February 14, 2012

Hisss (2010)

Directed by Jennifer Chambers Lynch. Starring Mallika Sherawat ("Snake Woman"), Irrfan Khan ("Vinkram Gupta"), Jeff Doucette ("George States"), and Divya Dutta ("Maya Gupta"). Not Rated.

Source: Region 1 DVD
Running time: 01:37:41
Country: USA, India

Indian legend has it that a shape-shifting Cobra goddess (also the goddess of fertility) contains the much sought-after Stone of Immortality. In order to lure out the Cobra goddess and capture her, one must first capture her male counterpart and essentially "hold him for ransom". For centuries, many have tried to do just that, only to meet a tragic end. In present day India, a foreigner with brain cancer attempts to claim the Stone of Immortality with the help of some local thugs-for-hire, thus drawing out the mythical Cobra goddess who assumes the form of a stunning young woman. Heartbroken and looking for her lover who's been snatched out of the jungle, the snake-woman goes on a people-eating spree (amongst other things, like climbing light poles while naked), which gets the attention of a homicide detective, setting the stage for an inevitable showdown between the three central characters.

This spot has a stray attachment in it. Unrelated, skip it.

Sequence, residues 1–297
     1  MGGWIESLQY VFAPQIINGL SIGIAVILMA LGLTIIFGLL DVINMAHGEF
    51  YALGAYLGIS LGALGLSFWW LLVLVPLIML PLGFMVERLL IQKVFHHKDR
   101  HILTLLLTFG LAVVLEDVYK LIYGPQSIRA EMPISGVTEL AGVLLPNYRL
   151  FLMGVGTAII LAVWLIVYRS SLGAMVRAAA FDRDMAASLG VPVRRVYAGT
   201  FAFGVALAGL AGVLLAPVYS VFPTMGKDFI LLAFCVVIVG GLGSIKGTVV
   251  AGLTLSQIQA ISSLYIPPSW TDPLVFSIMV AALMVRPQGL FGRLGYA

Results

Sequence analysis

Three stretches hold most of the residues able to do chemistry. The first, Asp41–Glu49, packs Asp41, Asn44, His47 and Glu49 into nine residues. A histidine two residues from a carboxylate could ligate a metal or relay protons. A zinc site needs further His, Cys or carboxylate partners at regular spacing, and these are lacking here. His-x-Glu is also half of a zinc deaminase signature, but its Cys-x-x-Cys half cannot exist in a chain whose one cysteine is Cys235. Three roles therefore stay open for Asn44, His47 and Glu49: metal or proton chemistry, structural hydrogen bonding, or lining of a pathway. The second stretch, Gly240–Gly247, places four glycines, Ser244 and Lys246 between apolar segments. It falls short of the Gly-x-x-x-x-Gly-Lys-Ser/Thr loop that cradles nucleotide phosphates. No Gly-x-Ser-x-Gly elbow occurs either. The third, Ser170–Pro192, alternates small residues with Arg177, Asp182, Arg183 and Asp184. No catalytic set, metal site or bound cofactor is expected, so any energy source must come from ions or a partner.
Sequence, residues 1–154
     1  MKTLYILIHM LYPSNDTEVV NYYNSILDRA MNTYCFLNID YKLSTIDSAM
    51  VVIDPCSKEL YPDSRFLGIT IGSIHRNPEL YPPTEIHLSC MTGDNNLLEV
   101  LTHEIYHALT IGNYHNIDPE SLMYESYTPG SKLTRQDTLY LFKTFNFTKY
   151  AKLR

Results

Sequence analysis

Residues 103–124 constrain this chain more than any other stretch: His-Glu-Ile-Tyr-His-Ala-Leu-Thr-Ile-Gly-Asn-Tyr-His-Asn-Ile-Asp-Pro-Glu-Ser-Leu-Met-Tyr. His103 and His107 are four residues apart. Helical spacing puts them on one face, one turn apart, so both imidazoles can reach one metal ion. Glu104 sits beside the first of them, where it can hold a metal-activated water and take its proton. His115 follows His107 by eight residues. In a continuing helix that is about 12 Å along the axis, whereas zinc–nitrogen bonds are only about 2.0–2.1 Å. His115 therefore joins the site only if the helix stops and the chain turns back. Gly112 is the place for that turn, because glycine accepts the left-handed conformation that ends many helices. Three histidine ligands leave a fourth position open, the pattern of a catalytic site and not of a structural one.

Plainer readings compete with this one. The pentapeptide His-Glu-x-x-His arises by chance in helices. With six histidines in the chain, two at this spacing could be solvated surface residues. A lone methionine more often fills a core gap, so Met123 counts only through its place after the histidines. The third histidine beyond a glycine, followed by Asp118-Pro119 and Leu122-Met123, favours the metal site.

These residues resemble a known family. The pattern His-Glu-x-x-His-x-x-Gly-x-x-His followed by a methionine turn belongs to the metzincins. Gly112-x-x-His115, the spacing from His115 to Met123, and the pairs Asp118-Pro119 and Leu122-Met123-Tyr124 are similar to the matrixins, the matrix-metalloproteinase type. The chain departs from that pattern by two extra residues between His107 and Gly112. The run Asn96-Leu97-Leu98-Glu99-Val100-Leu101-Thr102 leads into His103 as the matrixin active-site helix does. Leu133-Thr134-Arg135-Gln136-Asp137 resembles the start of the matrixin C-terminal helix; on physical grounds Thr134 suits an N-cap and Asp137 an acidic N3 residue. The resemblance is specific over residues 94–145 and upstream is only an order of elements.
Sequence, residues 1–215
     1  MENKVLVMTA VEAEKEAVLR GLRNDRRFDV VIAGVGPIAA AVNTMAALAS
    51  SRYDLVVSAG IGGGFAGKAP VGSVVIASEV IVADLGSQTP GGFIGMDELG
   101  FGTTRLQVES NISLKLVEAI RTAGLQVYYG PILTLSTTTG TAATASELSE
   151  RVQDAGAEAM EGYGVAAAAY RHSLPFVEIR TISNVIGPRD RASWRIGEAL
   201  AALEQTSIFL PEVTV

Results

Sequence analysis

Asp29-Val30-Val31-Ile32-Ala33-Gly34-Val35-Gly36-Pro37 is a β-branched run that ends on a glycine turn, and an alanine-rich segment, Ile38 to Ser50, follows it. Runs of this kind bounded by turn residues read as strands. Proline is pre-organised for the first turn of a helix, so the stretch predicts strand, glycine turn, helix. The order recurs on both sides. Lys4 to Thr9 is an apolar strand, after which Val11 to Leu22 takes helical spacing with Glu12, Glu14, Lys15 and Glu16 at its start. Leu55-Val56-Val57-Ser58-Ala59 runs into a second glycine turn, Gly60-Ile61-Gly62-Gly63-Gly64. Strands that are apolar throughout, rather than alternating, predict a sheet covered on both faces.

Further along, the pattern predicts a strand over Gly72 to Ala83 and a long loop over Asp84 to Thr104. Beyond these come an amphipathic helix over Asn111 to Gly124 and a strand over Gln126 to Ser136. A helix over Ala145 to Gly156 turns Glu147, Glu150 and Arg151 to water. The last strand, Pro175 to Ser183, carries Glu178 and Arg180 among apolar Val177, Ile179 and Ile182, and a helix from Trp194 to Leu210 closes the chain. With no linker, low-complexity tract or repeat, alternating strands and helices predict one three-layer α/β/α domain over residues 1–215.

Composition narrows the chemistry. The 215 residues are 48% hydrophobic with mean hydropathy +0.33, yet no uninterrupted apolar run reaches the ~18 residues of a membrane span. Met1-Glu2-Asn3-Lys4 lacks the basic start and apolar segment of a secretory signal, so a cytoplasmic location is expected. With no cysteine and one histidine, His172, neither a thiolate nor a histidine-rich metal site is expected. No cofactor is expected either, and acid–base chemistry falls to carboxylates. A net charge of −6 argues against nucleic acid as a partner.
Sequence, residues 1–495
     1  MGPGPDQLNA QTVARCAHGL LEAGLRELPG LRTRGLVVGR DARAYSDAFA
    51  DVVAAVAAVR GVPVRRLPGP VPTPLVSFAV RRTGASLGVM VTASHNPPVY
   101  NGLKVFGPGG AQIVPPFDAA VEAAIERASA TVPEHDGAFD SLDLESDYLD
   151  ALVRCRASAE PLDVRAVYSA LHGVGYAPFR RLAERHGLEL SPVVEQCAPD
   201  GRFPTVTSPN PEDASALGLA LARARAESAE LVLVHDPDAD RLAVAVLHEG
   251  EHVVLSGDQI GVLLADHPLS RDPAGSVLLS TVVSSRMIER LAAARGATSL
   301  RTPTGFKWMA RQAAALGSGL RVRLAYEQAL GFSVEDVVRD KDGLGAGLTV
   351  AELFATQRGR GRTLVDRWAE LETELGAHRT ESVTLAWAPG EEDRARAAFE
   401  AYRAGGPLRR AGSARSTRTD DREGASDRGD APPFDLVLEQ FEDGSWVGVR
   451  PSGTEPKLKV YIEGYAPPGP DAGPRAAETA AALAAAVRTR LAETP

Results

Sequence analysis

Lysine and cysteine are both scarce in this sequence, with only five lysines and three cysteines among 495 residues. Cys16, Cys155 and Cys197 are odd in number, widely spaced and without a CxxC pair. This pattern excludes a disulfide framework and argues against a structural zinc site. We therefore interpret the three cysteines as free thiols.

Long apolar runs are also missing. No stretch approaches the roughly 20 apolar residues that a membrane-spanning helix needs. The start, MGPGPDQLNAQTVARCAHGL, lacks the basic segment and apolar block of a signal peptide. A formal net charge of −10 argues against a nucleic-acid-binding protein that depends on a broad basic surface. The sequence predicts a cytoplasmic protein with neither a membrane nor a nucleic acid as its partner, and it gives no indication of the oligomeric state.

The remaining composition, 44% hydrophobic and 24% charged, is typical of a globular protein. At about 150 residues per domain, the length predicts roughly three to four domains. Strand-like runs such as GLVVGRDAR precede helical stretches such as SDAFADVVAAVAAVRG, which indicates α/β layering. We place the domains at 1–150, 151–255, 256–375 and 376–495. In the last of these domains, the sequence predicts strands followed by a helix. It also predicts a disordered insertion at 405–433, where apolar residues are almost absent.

I first heard about HISSS about two or three years ago when promotional stills of actress Mallika Sherawat in her snake-woman makeup surfaced online. I remember being quite intrigued by those pictures and have been anticipating the film's release ever since. A year passed. Nothing. In fact, since seeing those promotional stills, Lynch put out another film called SURVEILLANCE, but yet this project seemed to be sitting on the back-burner for whatever reason. It's been shown at festivals and whatnot, but it wasn't until about two years after first seeing those stills I mentioned earlier that HISSS finally turned up on streaming sites in North America, and now in February of 2012 on a bare-bones DVD release.